IOWA is the nation’s top producer of corn, and nearly half of it ends up as ethanol, thanks to a government mandate that requires ethanol to be mixed into gasoline. The mandate is worth hundreds of millions of dollars to farmers there.
No wonder most Iowans talk it up, as do most of the presidential candidates campaigning there in the lead up to the caucuses.
Ethanol thrives because of the volume-based approach of the mandate, which specifies that a growing percentage of various renewable fuels must be mixed into gasoline every year until 2022.
But that approach has stifled innovation and, if its track record to date is any indication, biofuels will not be a major player in meeting our 2050 targets for reducing greenhouse gas emissions from cars and trucks.
What we should be talking about is a performance-based approach to developing gasoline substitutes that will reduce emissions. We’ve had much greater success using this approach and allowing the market to decide which technology works best to meet a target set by the government.
For instance, when the Environmental Protection Agency set 2025 limits for greenhouse gas emissions for cars at half of 2008 levels, automakers were given flexibility on how to make that happen. Some companies are investing heavily in electric vehicles; others are focusing on hybrids and fuel cells. So far, all have met their interim goals.
Not so with the ethanol mandate, which requires that 36 billion gallons of biofuels must be mixed into gasoline by 2022. Of that, about 85 percent of that blend is supposed to come from a nearly even mix of corn ethanol and cellulosics (derived from wood chips, corn stover, grasses and other nonedible plant parts).
But that’s not what is happening. Because corn ethanol is cheap and easy to produce and was already in use as a gasoline additive before the mandate was imposed, and because existing corn ethanol plants are exempted from greenhouse gas emissions requirements, production has vastly exceeded that of cellulosic ethanol. In 2014, less than 2 percent of the mandated volume of cellulosics was produced.
This is a problem. At best, corn ethanol provides a 20 percent reduction in greenhouse gas pollution over gasoline, while cellulosic fuel produces an 80 percent reduction in that pollution and doesn’t compete with food.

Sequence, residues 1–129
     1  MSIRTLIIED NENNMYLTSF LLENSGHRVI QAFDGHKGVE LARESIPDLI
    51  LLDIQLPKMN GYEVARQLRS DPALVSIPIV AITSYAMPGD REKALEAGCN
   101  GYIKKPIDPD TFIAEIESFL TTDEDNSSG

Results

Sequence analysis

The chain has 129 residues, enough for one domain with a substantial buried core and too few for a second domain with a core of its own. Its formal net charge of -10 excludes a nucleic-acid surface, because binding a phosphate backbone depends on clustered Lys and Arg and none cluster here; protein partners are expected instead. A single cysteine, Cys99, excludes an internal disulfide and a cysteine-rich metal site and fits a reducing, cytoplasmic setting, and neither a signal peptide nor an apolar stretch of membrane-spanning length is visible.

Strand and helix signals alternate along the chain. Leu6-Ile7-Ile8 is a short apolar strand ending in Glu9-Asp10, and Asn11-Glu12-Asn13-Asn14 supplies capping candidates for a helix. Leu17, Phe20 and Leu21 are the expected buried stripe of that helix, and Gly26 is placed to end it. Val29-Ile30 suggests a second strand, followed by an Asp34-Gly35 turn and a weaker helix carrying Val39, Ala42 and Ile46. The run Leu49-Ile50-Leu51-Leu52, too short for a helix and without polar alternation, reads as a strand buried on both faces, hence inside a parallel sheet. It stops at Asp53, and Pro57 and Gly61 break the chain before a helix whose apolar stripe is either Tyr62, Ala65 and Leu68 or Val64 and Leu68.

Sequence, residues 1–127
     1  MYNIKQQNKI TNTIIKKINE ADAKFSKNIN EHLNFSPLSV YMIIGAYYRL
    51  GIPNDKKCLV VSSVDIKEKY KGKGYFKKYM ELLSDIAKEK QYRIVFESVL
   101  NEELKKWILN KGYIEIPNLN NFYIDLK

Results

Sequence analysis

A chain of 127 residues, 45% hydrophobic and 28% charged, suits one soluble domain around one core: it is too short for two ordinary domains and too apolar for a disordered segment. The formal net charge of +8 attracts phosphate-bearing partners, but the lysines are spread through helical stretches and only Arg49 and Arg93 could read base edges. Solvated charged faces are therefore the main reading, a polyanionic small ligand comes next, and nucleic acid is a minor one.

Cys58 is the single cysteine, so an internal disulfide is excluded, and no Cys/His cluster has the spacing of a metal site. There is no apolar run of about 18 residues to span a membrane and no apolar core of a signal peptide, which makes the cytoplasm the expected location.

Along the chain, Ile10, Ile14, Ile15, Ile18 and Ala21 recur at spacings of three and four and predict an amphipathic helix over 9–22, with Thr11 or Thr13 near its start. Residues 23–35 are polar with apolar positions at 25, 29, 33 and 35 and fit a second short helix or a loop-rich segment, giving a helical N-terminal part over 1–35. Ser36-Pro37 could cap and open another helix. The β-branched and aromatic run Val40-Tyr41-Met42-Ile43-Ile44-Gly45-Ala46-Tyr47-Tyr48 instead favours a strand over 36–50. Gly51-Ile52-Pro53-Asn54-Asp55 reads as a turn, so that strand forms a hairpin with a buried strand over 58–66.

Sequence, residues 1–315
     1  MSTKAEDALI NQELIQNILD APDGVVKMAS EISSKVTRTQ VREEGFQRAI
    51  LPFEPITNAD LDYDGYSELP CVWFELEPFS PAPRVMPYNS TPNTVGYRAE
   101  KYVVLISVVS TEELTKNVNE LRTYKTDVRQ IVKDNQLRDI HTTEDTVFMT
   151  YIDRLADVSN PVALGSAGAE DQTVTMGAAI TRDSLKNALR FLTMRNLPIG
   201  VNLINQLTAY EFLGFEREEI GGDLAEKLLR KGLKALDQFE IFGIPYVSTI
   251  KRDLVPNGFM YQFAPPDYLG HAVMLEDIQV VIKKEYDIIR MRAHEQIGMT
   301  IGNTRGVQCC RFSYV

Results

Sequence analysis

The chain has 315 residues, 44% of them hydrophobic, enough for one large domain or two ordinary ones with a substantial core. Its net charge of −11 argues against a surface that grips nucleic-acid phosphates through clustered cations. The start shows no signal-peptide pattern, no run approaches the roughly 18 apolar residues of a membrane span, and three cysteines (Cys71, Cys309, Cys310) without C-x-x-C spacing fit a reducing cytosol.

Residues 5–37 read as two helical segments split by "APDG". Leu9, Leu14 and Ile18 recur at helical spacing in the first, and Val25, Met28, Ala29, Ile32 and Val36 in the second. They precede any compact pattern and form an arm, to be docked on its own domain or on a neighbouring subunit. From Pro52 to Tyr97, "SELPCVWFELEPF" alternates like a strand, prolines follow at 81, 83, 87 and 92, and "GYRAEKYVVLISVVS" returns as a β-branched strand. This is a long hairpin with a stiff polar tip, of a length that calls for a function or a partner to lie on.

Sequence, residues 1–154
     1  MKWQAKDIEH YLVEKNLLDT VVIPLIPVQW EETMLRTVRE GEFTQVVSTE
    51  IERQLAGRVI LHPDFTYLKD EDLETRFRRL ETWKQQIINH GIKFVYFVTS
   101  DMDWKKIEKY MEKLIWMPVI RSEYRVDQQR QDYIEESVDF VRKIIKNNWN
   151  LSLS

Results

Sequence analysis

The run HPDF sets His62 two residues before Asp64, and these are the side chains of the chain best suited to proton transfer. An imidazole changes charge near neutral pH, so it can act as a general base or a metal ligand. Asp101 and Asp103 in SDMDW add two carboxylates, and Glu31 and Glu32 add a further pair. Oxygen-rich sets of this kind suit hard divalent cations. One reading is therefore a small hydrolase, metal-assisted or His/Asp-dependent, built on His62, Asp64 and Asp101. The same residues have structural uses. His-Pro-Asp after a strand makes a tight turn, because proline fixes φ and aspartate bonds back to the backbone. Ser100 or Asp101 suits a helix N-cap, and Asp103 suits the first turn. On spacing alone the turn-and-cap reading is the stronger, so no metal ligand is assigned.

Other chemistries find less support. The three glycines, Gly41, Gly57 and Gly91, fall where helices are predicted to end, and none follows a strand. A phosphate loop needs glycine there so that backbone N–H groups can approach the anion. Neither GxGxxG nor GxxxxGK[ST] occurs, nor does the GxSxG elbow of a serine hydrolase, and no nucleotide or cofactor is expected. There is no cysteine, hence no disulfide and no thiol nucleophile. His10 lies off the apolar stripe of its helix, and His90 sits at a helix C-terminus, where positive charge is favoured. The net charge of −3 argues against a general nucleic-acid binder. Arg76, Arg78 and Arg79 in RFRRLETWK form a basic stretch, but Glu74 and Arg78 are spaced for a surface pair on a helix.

The cellulosic industry has taken much longer to get off the ground than Congress anticipated. Production of this fuel is more complex and costly and requires significant upfront investments.
If we could start again from zero, a performance-based standard would produce better results. Setting the standard based on how clean the fuel should be would give companies the flexibility to figure out how to reach the target.
This is already being done in California and Oregon, which have performance-based fuel standards. The California program, for instance, requires fuel producers to reduce greenhouse gas pollution by 10 percent in transportation fuels in 2020. Because it is technology neutral, and interested only in the result, this approach supports investments in the cleanest fuels while providing maximum flexibility to the industry to develop them.
Still, the existing federal fuel standard, as imperfect as it may be, is now an essential component of our efforts to reduce greenhouse gas emissions and slow climate change.
To move forward, the E.P.A. should phase in the fuel standard mandate in a predictable way to provide a growing market for advanced and cellulosic renewable fuels. We also need to shift tax policy for cellulosic fuels to support long-term investment similar to the tax policies for wind and solar power. And we need several more states to adopt performance-based standards, and to support investment to encourage the development of the next generation of renewable fuels.
The United States needs to reduce carbon pollution from cars and trucks by 80 percent by 2050. Advances in propulsion technology alone will not be enough to meet that goal. Passenger cars will have to not only go farther on less fuel, but also travel those miles on lower-carbon fuel.
As the candidates continue their quest for the White House, the question should not be, as it was in Iowa, “Do you support the renewable fuel standard?” but “How do we move to the next generation of renewable fuels?” We must demand an approach that spurs innovation and makes steady progress on lower-carbon fuels.
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